A less extreme, but more common, example is “It bit him.” Readers of different documents may identify different meanings for this sentence. They may identify a different object for “It” and a different person for “him.” This is because the meaning of text is dependent on the types of information given from a preceding text, as seen in Table 4.

Curvature and the relativity model of the meaning of text: The meaning of text is often constructed in a nonlinear manner. This lack of linearity is an attribute of a curved domain of meaning. An example will be shown based on the linear meaning of text from the earlier example sentence “Tim climbs the ladder.” The sentence is now modified to become “Tim climbs the corporate ladder.”

The meanings of the individual words in both the linear example and the modified sentence are shown in Table 5.

We can see that the addition of the word “corporate” has not only added its own meaning to the sentence, but it has also changed the meaning conveyed by the word “ladder.” Instead of the meaning of a physical structure, the meaning of the word has changed to become “hierarchy or organization structure.”

We cannot simply aggregate the meanings of the individual words of this modified sentence to determine the meaning of the complete sentence. This sentence does not have a linear meaning. The meaning is nonlinear. This may be caused by imagery, analogy, metaphor, colloquialism or other reasons.

Another way to view this situation is that the coordinate systems used to map to the meaning are curved, sometimes abruptly. A linear coordinate system would map text to the linear combination of meanings of the individual text. Instead, the coordinate system representing the domain of meaning is curved and the text is mapped to a nonlinear meaning.

These multiple, and not fully understood, causes of nonlinearity make the meaning of text a very different problem from the Relativity Model of Physics. That theory identified the mass of an object as the single measureable cause of curvature and nonlinearity.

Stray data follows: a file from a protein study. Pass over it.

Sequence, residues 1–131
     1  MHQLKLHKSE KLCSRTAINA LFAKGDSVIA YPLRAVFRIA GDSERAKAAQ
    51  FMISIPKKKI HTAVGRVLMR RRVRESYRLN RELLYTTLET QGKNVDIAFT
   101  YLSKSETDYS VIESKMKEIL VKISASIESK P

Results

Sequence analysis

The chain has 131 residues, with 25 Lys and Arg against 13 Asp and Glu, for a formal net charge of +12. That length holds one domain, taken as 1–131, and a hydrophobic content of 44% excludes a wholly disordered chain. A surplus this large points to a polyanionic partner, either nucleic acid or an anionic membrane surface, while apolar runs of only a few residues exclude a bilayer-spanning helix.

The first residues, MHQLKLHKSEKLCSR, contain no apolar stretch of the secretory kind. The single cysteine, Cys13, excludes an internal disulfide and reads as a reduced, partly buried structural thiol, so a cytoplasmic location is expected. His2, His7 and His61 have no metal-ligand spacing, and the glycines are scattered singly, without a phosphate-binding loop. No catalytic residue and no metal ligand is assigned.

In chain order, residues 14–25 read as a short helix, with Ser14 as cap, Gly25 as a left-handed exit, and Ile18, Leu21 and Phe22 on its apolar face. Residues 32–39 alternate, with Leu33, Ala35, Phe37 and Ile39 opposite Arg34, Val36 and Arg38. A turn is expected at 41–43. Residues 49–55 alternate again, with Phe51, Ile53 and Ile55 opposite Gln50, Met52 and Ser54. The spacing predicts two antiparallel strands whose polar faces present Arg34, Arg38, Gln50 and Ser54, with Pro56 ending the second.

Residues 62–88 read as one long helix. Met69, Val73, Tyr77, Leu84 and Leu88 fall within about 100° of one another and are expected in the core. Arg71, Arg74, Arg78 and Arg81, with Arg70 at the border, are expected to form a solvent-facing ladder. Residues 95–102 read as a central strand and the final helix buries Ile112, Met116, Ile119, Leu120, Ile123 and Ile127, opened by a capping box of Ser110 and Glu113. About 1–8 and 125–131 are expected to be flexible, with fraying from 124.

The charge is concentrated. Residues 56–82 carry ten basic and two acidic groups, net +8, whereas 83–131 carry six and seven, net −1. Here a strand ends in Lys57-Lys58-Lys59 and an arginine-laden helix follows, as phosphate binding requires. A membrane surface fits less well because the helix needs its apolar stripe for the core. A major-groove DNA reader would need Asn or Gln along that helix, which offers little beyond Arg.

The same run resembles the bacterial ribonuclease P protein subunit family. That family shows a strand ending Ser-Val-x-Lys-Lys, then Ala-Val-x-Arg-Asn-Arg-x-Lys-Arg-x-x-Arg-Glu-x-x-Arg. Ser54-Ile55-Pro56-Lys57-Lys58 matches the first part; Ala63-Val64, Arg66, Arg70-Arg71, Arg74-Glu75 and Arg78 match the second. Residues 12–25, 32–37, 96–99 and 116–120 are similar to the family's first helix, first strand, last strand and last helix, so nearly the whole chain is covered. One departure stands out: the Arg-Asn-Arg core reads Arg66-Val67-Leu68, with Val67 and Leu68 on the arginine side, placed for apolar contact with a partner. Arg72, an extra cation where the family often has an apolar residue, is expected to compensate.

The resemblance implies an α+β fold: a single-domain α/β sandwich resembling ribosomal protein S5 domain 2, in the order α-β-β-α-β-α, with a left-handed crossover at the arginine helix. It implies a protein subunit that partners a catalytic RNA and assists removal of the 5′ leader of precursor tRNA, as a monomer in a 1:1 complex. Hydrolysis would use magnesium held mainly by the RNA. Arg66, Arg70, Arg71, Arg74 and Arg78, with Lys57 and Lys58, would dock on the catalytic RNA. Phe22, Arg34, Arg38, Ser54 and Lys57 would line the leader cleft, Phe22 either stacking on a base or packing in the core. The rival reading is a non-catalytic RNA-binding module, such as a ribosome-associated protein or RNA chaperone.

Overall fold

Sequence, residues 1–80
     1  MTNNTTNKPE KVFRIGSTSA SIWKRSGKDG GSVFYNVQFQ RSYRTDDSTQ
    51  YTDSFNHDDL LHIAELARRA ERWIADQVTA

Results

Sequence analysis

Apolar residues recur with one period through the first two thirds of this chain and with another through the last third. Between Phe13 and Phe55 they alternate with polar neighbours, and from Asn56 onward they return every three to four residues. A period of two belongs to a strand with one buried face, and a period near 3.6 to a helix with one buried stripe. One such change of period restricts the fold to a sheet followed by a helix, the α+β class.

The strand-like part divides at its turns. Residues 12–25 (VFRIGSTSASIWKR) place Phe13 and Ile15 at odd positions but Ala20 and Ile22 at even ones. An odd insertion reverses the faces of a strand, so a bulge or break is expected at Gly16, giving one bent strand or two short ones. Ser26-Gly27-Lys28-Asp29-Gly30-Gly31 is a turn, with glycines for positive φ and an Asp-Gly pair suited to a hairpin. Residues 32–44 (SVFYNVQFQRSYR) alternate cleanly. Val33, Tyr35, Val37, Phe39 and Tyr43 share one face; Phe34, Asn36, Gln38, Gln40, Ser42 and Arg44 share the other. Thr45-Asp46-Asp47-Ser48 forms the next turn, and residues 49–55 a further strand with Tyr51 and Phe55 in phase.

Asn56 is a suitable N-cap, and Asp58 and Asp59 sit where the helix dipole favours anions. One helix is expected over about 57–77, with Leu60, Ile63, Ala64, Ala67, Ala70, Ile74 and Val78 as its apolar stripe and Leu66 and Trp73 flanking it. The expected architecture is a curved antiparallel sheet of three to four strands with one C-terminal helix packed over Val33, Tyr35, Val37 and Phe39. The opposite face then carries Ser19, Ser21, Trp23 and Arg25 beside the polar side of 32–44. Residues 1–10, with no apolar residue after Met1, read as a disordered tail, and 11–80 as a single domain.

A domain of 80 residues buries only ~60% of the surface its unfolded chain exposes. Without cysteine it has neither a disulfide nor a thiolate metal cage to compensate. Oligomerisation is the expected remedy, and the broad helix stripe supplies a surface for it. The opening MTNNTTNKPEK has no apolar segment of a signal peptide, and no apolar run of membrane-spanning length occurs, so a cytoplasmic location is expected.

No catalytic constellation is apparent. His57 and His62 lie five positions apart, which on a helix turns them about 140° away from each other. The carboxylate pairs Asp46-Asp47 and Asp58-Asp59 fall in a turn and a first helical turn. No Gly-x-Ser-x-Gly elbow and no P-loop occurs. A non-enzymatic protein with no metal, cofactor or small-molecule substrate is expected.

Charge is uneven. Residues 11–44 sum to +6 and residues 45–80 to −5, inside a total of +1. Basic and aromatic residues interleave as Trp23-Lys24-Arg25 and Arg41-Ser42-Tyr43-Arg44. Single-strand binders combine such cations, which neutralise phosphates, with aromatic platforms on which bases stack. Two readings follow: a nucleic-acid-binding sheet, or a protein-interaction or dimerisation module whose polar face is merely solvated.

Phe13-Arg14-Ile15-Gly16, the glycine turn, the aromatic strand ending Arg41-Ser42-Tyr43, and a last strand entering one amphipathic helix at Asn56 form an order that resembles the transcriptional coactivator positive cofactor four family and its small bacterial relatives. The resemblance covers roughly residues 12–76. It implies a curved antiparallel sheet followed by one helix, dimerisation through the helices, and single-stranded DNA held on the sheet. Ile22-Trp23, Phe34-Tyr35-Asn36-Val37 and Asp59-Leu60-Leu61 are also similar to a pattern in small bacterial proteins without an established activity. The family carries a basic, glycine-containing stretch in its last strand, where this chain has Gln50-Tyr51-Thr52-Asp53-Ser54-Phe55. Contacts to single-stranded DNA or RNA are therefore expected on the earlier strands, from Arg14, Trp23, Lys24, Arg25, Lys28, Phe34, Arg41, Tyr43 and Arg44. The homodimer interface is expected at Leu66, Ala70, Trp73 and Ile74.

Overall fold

The relativity model of the meaning of text

Several new concepts for the relativity model of the meaning of text have been identified:

•The development of a sequence number and composition unit tag coordinate system.

•The use of “alternative text” to provide a value for the meaning of text.

•Similarities with the relativity model of physics.

•The identification of dependencies of meaning on information from previous text.

•The coordinate system representing the domain of meaning is curved.

These new concepts enable the identification of a single equation that represents the development of meaning as text is incrementally added to a sentence. This equation is comparable to the equation for the relativity model of physics.

The relativity model for physics has a single, quantified cause of the curvature of spacetime. The model is self contained.

Unfortunately, without a consistent, well-defined cause of nonlinearity and curvature, the relativity model of meaning is not self-contained. It does provide a method to comprehensively map the meaning of text, however. This mapping can be used to build a repository of meaning.

Quantum models

The quantum theory of physics (also referred to as quantum mechanics) describes environments of minute proportions. The actions of matter in these smallest of environments are very different than the actions of matter in the massive proportions of relativity models. Because of this, the models for quantum physics are very different from those of the relativity model.

Again, the meaning of text does not encounter these extreme environments of quantum theory.